Green Book – 1 star
When Spike Lee acted like a petulant fool after BlackKKlansman lost Best Picture to Green Book, it seemed silly, and given the mediocrity of his own picture, a sad stunt. But I get it Spike. I apologize.
The story of classical pianist Dr. Don Shirley (Mahersheela Ali) who enlists Italian bouncer Tony Lip from New Yawk (Viggo Mortenson) for a Southern swing of concerts in 1962 is so chock full of cliche’, it borders on spoof. Ten minutes in, you know that the hotheaded Tony will hit a cracker cop, the cultured Shirley will play boogie woogie in a honkey tonk, and they will teach each other, oh, so many things.
Sadly, it is not a spoof.
This picture is atrocious. Simplistic, repetitive, nonsensical, and boring. It has no idea what it wants to be. A civil rights era Odd Couple? A moral tract about role reversal and rejection by one’s own race? A road movie? It does none of it well.
But it has a white guy teaching a black guy the joys of fried chicken, so, there’s that.
The characters lack any consistency. When black men perform repairs at his apartment, Tony throws away the glasses the men drink water from, such is the viral nature of their cooties. But in the blink of an eye, he is driving a black man around, comfortable not only with his boss’s skin color, but his homosexuality.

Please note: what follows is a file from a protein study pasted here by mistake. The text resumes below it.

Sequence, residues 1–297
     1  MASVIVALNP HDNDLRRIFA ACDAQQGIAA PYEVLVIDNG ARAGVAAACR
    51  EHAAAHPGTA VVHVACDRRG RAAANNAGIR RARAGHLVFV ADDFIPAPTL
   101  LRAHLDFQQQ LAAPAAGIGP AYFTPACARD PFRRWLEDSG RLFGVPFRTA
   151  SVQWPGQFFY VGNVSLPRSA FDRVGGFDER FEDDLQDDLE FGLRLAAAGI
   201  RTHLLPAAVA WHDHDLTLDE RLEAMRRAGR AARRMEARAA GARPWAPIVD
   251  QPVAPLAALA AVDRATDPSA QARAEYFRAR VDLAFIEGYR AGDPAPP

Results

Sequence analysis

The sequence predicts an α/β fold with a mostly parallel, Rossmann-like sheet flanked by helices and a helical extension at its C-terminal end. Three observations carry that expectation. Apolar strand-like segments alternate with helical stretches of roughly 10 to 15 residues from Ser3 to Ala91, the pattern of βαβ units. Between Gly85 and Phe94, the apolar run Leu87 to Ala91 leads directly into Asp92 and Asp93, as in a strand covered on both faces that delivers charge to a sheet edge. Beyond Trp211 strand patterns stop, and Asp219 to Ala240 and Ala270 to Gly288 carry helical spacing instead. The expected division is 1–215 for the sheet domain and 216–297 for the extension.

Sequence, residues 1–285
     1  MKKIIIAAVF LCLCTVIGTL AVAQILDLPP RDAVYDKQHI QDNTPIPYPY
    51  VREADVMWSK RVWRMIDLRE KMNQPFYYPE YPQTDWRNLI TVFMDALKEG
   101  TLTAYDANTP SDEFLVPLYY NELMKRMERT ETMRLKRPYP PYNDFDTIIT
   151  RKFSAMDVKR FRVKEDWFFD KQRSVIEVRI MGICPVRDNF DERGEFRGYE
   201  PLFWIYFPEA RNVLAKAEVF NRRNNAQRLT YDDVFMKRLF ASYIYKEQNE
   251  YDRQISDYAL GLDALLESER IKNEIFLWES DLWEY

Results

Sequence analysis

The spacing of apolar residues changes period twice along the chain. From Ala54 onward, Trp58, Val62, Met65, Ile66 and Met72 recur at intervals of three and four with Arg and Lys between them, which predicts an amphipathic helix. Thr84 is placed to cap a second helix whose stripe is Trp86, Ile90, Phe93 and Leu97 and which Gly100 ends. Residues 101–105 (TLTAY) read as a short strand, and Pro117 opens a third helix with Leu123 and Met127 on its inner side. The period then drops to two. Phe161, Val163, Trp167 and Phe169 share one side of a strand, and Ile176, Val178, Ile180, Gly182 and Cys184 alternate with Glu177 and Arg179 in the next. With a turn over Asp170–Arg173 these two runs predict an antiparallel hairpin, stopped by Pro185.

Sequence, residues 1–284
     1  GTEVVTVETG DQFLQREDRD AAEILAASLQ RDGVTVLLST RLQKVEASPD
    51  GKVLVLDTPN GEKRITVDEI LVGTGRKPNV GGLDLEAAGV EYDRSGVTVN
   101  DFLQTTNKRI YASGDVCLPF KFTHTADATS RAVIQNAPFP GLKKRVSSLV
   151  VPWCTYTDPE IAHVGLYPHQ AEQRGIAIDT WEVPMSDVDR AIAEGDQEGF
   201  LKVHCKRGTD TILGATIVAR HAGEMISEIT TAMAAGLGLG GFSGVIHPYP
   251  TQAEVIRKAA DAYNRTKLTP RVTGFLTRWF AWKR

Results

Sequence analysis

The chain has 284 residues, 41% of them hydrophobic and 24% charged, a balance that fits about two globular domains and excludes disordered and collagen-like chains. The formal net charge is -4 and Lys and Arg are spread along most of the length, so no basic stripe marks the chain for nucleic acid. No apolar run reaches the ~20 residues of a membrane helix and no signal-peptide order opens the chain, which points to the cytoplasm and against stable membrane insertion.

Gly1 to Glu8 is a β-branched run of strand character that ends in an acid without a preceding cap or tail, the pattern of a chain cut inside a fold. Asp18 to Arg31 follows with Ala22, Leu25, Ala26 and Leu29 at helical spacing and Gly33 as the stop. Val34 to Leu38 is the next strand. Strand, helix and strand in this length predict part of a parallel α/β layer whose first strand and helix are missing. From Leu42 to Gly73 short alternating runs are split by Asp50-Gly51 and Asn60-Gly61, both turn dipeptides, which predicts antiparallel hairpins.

’Cause he’s been around nightclubs, and tings, day get, complicated. Mangia, manigot, caprese, spumoni, to da’ moon, Sbarro!
And while Shirley is supposedly working the southern swing in solidarity with Nat King Cole, who was beaten years earlier for playing white music, he also inexplicably plays private affairs at the homes of cartoon bigots. For what, I don’t know. Cash? Self flagellation? And when rich Southerners have a cultured pianist perform at their homes and eat dinner at their table, he is still sent to the wooden outhouse to pee. Jesus, even in The Help, the bathroom had plumbing.
Making matters worse, Viggo Mortenson’s tough guy driver from da’ Bronx is so broad, so exaggerated, you can’t believe what you’re seeing. He’s half Joey from Friends, half The Fonz. He actually says Ba Fongool. Or Ba Fon Goo. Or whatever they say in Chef Boyardee commercials. He’s brutal to watch, yet, a thing to behold.
It ends sweet and there is charm in its insouciance as to its own plausibility or depth, but that gets you exactly one star.